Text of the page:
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Roundabouts!

Roundabouts!  Just saying that word in public is a surefire way to illicit a negative response from someone.  Its human nature to fear the unknown, and in this case even the known entity will frighten some away.

 

The facts is, Roundabouts are among the safest options available for accident prone intersections.  They are an intersection design used to reduce congestion, repair poor geometrics, and ultimately to improve intersection safety.  It is an unquestioned fact that roundabouts WILL reduce accident rates as well as the injuries caused by these accidents.  Modern Roundabouts are safer, more efficient, and less costly than any other intersection design.  These are proven facts, not just rhetoric used by roundabout peddlers eager to construct the next one. 

 

The FHWA Office of Safety has identified roundabouts as a Proven Safety Countermeasure because of their unique ability to reduce the types of crashes where people are seriously hurt or killed by 78-82%, when compared to stop controlled or signalized intersections, based on data available from the Federal Highway Administration.  That’s right, an average of 80% serious crash reduction! 

 

“Why the reduction?” some people may ask.  The following chart represents the reduction in conflict points from 32 at a typical intersection to only 8 at a roundabout.  

roundabouts

This combined with vehicle speed reduction from 50 mph to 15 mph through the intersection each contribute to the drastic reduction in accident and injuries.

 

There are certain intersections in Clinton that would benefit from a roundabout.  The most glaring of these are several along Mill Creek Parkway, especially at intersections of 13th Avenue North and 16th Street Northwest.  Roundabouts were discussed at these intersections in 2016 by the City Council, and a recent cluster of accidents at 16th Street Northwest have been a topic of conversation on social media, which have brought the issue to light again this year. 

 

The City Engineering Department has recently analyzed traffic accident data throughout the Mill Creek Parkway corridor, and found these two intersections to far exceed the statewide average of 0.7 crashes per million vehicles entering the intersection.

 

Collision History at 13th Avenue North

 

From January 1, 2012, through June 30, 2017, the intersection of 13th Avenue North and Mill Creek Parkway had a total of 19 reported crashes. Of the 19 crashes, 13 crashes were caused by failure to yield right-of-way or ran STOP sign.    The table below summarizes the reported crashes at the intersection by severity including injuries.  The crash rate of the intersection is 1.03 crashes per million entering vehicles.

 

Injury

Crashes

Fatal

Major Injury

Minor Injuries

Property

Damage

Only

Total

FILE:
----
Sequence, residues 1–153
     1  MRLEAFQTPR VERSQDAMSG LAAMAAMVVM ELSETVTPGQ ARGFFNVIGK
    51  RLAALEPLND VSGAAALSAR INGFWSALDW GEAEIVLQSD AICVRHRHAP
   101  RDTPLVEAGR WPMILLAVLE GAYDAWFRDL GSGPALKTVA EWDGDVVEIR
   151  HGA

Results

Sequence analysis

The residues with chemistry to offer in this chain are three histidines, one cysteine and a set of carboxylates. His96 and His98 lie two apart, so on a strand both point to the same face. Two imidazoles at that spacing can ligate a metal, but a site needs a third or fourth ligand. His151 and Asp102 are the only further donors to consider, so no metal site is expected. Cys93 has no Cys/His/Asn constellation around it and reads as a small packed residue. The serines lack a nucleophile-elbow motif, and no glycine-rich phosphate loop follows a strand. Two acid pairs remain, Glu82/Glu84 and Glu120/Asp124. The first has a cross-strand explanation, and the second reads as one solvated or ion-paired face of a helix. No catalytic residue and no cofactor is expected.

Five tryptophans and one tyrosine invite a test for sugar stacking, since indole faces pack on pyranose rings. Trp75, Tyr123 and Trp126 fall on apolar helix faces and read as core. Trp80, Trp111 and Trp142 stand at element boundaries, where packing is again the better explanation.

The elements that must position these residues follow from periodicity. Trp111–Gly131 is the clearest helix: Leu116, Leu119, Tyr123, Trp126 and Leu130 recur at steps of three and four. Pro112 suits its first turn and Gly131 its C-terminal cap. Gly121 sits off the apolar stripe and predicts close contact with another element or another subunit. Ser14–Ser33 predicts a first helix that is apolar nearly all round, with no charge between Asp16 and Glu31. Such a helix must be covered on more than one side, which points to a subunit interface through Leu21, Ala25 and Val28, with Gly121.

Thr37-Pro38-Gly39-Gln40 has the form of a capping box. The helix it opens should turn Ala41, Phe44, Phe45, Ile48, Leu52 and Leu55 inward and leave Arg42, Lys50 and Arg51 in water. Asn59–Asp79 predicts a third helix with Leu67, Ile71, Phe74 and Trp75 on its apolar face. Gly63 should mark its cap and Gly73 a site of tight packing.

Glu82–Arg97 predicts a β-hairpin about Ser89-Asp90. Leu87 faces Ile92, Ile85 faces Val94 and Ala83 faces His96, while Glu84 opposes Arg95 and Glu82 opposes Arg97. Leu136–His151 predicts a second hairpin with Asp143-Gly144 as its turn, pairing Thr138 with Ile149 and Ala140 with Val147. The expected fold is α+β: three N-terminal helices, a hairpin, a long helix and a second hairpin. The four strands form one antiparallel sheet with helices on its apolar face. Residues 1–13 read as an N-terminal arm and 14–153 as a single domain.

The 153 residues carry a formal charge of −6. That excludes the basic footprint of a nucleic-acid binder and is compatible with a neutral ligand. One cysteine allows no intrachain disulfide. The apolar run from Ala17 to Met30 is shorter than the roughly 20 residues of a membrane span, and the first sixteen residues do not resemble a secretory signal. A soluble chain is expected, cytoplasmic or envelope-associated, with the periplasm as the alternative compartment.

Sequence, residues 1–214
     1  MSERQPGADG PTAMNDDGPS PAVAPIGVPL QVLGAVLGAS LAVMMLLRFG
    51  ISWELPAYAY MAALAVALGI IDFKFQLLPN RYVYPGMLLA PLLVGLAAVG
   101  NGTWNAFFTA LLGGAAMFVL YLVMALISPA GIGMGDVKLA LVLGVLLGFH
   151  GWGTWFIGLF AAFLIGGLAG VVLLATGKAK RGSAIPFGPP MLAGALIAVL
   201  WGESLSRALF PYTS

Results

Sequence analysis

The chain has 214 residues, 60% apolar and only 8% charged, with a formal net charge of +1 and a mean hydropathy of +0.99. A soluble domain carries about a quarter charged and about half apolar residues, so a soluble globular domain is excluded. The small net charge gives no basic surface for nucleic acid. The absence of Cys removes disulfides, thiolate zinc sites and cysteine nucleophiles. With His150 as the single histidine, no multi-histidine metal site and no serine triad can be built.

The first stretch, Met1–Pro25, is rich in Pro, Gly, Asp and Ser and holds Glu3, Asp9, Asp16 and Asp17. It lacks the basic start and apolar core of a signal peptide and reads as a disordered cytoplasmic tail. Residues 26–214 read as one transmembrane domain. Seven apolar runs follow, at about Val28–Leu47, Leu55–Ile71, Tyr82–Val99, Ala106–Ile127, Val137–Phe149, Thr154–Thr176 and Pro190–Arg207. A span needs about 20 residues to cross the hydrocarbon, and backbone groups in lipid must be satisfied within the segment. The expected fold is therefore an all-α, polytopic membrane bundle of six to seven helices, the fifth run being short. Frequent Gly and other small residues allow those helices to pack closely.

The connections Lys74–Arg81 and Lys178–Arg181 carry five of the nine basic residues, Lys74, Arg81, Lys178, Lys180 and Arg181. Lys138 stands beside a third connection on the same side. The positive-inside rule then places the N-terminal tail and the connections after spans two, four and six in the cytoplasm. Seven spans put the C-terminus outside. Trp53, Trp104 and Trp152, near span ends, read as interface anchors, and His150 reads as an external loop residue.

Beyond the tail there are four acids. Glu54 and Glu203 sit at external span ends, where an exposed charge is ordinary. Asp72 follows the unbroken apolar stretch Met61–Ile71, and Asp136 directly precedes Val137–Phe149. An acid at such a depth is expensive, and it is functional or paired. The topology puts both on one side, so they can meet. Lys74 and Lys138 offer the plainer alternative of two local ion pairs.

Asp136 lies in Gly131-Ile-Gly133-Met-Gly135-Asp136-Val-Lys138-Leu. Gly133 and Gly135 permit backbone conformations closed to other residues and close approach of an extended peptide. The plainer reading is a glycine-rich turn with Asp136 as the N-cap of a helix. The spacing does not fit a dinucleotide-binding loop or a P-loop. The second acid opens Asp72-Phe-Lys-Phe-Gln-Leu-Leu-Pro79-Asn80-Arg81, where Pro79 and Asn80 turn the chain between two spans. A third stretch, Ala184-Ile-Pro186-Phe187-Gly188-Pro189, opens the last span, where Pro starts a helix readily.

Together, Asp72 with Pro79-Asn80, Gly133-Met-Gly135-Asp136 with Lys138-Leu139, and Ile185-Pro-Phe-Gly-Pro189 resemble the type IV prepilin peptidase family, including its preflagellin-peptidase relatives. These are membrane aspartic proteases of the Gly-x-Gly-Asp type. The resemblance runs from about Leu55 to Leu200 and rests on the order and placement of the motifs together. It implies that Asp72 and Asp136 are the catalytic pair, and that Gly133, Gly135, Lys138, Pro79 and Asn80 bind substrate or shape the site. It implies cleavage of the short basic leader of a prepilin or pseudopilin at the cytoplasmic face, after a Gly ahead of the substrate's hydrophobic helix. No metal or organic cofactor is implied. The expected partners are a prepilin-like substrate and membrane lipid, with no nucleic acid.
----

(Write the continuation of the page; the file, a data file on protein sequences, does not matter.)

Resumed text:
Crashes

Amount of Property Damage

9

0

0

16

10

19

$100,000

 

Collision History at 16th Street Northwest

 

From January 1, 2012, through June 30, 2017, the intersection of 16th Street NW and Mill Creek Parkway had a total of 31 reported crashes. Of the 31 crashes, 22 crashes were caused by failure to yield right-of-way or ran STOP sign.    The table below summarizes the reported crashes at the intersection by severity including injuries.  The crash rate of the intersection is 2.19 crashes per million entering vehicles (MEV). 

 

 

Injury

Crashes

Year

Fatal

Major Injury

Minor Injury

Property

Damage

Only

Total

Amount of Property Damage

23

Total

0

5

15

8

31

$193,700

 

 

Crash Conclusions

 

Without improvements to these intersections, collisions are expected to continue on an increasing trend, due to the expected future development and increased traffic in the area.  Roundabouts are the only proven method to improve the safety of these intersections.  Construction of roundabouts would drastically reduce the amount of high speed collisions and corresponding injuries resulting from these crashes.

 

Compelling Roundabout Facts

 

  1. Overall crash reduction of 72% (FHWA)
  2. Overall injury reduction of 87% (FHWA)
  3. Can be constructed to accommodate large truck traffic
  4. Can be constructed to accommodate future growth to four lanes
  5. Improves overall intersection delay by eliminating stop signs and red lights
  6. Increases awareness and attentiveness of drivers when entering intersections

 

With roundabouts trending nationwide at a near 100% success rate, it may be time for Clinton to join in on the fun.  While not always initially a crowd pleaser, roundabouts will grow on you over time as an experience you sometimes have to drive to believe.  You don’t have to go very far to find success.  The nearby cities of Dubuque, Cedar Rapids, and Prairie Du Chien have recently constructed successful roundabouts. 

 

Conclusions & Recommendations

 

Through discussions with the Iowa DOT, it is our understanding that each would be a great candidate for full funding through the Iowa Traffic Safety Improvement Grant Program. 

 

These projects would include modification of the existing two-way stop control intersection to a single-lane roundabout intersection.  Adding traffic signals is not a good option, as it would not have a guaranteed positive effect on the traffic accidents at the intersection, and would actually decrease the overall delay time of the intersection.  Roundabouts on Mill Creek Parkway will be much more desirable than a corridor of signals for many reasons, including safety concerns, delay issues, and operation and maintenance costs. 

 

Our recommendation would be to apply for the upcoming Iowa DOT traffic safety grant immediately.   The City would very likely receive full funding, given the traffic counts, accident history, and injury history.